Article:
Fatigue, Distraction, and RiskSubmitted by Retire Source Wealth Management on November 2nd, 2020
Fatigue, Distraction, and Risk
I see a growing fatigue with the impact the coronavirus has on our lives. There has even been outright resistance overseas to new restrictions imposed by officials in France, Spain, and the U.K. Canceling vacations, wearing masks, and avoiding social gatherings cramps our style. These actions provide us no direct or immediate evidence they have any effect. This makes it hard to persevere in order to avoid the unseen danger. We simply are not very motivated to avoid an imperceptible (but existing) risk. That doesn't make the risk any less.
It appears a similar effect is currently happening in the stock market, although it's probably better described as distraction rather than fatigue. When markets are moving up, as they have been since April, we tend to focus on that trend and subconsciously project it will continue. Our distraction may stop us from making sound financial judgments, balancing both the perceived potential risks and rewards. We may even perceive the real risk as being left behind if we're not fully invested. Just like the case for the coronavirus, we just aren't motivated to avoid the imperceptible (but existing) risks. What risk you might ask? Well there's the obvious ones related to the coronavirus, but often times it's the risk we don't think about that gives us a Halloween type surprise. The current earnings recession could fall into that category. An earnings recession is two or more quarters of declining corporate earnings/profits. When asked directly, most investors say they prefer to buy stock in companies that have (or hope to have) stable or increasing earnings. However, average corporate profits have been in a downtrend since the middle of last year, The pandemic has amplified and extended that trend and made it very difficult to project future earnings.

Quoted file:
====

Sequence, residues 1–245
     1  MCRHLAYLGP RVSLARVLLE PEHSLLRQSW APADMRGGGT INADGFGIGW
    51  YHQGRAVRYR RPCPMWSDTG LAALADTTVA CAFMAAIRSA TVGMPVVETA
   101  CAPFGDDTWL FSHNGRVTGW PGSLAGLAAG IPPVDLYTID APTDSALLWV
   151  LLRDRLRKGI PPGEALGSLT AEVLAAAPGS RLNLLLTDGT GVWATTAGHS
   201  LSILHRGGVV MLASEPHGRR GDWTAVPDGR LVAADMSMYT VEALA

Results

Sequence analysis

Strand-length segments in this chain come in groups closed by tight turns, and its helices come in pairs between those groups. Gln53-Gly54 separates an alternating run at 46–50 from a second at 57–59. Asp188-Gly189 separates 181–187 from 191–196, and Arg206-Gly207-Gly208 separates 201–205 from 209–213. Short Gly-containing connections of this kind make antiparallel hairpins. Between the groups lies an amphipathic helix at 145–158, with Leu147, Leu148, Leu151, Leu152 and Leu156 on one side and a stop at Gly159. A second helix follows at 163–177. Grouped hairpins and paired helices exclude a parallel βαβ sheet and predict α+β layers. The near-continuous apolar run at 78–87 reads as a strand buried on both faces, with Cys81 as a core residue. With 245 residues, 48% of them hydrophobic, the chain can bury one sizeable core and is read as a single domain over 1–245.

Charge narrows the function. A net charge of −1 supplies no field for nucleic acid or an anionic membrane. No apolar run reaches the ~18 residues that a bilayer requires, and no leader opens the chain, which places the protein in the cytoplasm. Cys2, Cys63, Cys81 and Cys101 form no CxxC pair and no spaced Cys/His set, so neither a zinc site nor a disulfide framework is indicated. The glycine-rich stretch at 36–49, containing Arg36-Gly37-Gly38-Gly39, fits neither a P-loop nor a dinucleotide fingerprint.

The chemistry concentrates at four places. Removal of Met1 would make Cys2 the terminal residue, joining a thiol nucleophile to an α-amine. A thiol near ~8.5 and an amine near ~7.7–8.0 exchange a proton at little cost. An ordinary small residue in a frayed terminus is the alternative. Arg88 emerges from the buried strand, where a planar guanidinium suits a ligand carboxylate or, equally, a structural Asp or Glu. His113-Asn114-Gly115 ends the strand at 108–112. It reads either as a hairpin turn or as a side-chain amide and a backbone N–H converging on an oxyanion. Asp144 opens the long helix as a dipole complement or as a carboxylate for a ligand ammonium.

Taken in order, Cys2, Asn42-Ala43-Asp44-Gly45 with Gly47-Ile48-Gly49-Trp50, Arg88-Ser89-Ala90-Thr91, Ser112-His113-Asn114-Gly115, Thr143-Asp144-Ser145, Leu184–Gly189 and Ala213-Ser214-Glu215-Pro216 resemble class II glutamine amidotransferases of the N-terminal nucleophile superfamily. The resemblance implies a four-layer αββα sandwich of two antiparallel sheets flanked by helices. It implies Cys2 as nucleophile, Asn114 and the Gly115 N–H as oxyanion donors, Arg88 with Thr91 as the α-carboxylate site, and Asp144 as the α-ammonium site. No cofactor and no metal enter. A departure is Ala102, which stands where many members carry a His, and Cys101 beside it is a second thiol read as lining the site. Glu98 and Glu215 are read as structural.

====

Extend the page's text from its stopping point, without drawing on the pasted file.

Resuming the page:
Normally, this downtrend in profits would put downward pressure on stock prices, but clearly these are not normal times. Investor unabated optimism seems largely based on the assumption government relief payments and a few technology companies can stop the economic impact of the pandemic. Perhaps, but to date they have not stopped the earnings recession. I remain concerned because things tend to get messy when stock market performance becomes heavily driven by a handful of stocks amid a broader pattern of weak corporate earnings. The good news is there are sectors of the market that have maintained relatively stable earnings, but have not participated in the recent market uptrend. They provide ample grounds for bargain hunters. They also offer a much better risk/ return profile than many of the more glamorous tech companies that seem priced to perfection. As the economy gradually climbs out of the hole, I expect these sectors will see their stock prices increase as earnings recover. Look for sleepy sectors like banking, insurance, shipping, tobacco, and media to name a few. Long-term investors should start nibbling at these sectors. Boring will become beautiful.
Frank Rizzo, Certified Financial Planner, CRC
The opinions voiced in this material are for general information only and are not intended to provide specific advice or recommendations for any individual. The economic and market forecasts set forth in this material may not develop as predicted and there can be no guarantee that strategies promoted will be successful. All performance referenced is historical and is no guarantee of future results. Because of their narrow focus, sector investing will be subject to greater volatility than investing more broadly across many sectors and companies. Investing includes risks, including fluctuating prices and loss of principal.